Island artist puts a little sand in the season with these handmade ornaments
Artist Carol Jenkins came to Galveston in 2004 by way of Lansing, Mich. and Dallas. Her daughter was attending Texas A&M University at Galveston, and after a few visits, Jenkins was hooked.
“Growing up around the Great Lakes made me totally miss the water, so, I was quite happy when I saw the Gulf of Mexico,” Jenkins said.
It didn’t take her long to pack her bags and move farther south.
Studying art in high school and junior college paved the way for jewelry making, pen and ink drawings, painting and her favorite pastime — sewing. Coming from a long line of seamstresses, Jenkins was making her own clothes long before she entered junior high school.
It was during a trip to Key West a few years ago that she got the idea to make coastal Christmas ornaments.
She thought: “Hey, I can do this sort of thing in Galveston.” And so she did.
She began painting coastal scenes on glass ornaments — everything from palm trees, lighthouses, marine life, mermaids and even snowflakes — using acrylic paint.
“For some reason, everyone wants a snowflake, even on something tropical,” she said.
Ornaments come in various shapes — square, round and teardrop — but most customers prefer the square ones.
Jenkins uses only Galveston beach sand and shells inside the glass bulbs.
Her Sand Dragon Creations line taken from her maiden name, Derragon, has become a big business for Jenkins, who also creates small Adirondack chairs containing tiny beach towels, seashells, flip-flops, sunglasses and Christmas stockings.
“I find the smaller pieces at local craft stores,” Jenkins said. “Even if I’m on vacation, I always make it a point to visit fabric and craft shops, searching for something new.”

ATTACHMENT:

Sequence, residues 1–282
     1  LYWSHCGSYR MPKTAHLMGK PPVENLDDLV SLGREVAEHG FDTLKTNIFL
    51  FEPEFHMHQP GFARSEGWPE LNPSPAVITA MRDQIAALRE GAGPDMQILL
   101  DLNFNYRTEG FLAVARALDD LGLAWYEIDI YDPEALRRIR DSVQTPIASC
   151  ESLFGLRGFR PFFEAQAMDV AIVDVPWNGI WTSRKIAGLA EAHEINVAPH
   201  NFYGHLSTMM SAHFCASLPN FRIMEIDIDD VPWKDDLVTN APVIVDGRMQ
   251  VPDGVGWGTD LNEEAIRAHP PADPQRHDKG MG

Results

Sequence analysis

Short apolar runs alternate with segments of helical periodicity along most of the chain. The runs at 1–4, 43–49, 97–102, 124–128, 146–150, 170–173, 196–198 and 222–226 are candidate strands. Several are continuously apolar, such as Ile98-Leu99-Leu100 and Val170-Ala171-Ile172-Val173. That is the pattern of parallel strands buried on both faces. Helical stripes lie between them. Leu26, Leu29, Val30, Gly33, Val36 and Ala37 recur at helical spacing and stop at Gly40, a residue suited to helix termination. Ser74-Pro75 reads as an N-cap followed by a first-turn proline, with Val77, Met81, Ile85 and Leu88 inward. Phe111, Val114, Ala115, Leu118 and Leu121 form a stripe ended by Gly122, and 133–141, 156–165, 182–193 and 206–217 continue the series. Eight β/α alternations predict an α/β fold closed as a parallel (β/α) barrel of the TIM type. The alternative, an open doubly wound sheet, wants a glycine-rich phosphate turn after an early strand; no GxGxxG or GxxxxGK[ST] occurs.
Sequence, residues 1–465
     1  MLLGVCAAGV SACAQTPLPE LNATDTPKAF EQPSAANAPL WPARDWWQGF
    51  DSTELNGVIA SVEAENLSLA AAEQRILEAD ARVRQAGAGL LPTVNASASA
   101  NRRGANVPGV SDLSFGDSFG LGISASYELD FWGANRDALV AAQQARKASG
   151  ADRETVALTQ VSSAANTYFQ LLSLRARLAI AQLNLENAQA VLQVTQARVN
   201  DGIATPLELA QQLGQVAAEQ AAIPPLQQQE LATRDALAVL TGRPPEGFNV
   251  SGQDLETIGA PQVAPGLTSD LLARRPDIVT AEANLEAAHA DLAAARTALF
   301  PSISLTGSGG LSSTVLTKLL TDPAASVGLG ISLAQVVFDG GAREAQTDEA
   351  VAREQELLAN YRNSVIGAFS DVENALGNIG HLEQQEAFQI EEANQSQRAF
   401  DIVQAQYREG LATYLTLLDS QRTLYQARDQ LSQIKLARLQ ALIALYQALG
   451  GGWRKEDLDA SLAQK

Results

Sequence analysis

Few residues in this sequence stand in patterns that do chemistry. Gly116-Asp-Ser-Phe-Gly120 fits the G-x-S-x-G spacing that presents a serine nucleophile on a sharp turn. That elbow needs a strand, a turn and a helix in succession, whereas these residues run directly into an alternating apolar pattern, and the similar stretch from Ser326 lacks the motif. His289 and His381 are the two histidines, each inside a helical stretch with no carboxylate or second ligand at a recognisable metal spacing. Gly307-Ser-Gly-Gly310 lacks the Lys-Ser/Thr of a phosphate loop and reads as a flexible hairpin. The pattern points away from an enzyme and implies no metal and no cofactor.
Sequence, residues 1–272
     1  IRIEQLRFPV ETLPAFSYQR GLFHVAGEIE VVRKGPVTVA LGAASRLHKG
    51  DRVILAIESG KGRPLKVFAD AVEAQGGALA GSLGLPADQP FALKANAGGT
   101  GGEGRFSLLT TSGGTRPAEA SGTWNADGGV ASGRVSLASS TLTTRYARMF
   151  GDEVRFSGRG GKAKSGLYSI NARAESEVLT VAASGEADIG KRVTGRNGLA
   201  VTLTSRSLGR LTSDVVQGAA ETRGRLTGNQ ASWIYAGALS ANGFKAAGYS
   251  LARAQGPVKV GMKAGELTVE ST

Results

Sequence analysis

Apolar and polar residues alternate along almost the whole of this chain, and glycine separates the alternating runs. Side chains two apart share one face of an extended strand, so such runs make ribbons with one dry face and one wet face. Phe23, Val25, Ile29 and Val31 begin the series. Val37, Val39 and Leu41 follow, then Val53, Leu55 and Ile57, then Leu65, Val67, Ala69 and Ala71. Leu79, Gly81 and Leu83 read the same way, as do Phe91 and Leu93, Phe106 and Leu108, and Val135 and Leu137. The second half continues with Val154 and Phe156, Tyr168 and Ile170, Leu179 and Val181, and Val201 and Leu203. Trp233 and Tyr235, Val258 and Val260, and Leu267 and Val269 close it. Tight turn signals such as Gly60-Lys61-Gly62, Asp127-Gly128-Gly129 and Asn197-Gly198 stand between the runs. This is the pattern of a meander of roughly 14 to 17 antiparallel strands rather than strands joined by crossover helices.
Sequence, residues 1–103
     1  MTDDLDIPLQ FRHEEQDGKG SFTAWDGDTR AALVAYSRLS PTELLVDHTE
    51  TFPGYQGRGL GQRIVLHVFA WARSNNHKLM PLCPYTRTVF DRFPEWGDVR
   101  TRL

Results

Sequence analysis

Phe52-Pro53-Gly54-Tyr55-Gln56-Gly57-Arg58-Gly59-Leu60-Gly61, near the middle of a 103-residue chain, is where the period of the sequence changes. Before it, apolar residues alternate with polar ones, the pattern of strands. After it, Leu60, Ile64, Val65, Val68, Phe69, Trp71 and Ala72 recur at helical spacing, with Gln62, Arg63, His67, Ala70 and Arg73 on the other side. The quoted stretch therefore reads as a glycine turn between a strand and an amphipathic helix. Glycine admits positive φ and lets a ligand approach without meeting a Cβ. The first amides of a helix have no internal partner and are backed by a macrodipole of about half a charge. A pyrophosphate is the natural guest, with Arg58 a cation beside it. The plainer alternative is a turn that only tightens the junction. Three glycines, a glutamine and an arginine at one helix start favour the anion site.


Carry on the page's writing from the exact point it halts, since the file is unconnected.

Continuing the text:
It takes her about an hour to finish an ornament, but the chairs are the most difficult to complete, she said.
“I paint the chairs white, then have to wait for them to dry, add the colored stripes, coat the seashells with glaze, and cut fabric to make the small beach towels,” said Jenkins, who uses washcloths, kitchen towels and anything with a ribbed texture. If the material has colorful stripes, all the better, she said.
Always inventing, Jenkins is trying something new this year by rolling a small round glass ornament in beach sand, letting it dry and then drawing a coastal figure on its surface with India ink.
Sand is just not sand, however, Jenkins cautions. Oyster shells give Galveston sand a calcium base. Key West sand is powdery, and the sand on the eastern shore of Lake Michigan is pulverized granite. Most sand will do well inside an ornament, but coating is a different story. Jenkins has determined that Galveston sand will do just fine.
Jenkins also has ornaments available for sports fans. She makes beach chairs for Texas A&M University, University of Texas, Louisiana State University, Houston Texans, Dallas Cowboys and New Orleans Saints fans.
Her ornaments will be available for sale at Affaire d’Art Gifts and Gallery store, 2317 Strand in Galveston, through December and at the Galveston Island Market, 22nd and Mechanic streets, on Dec. 19.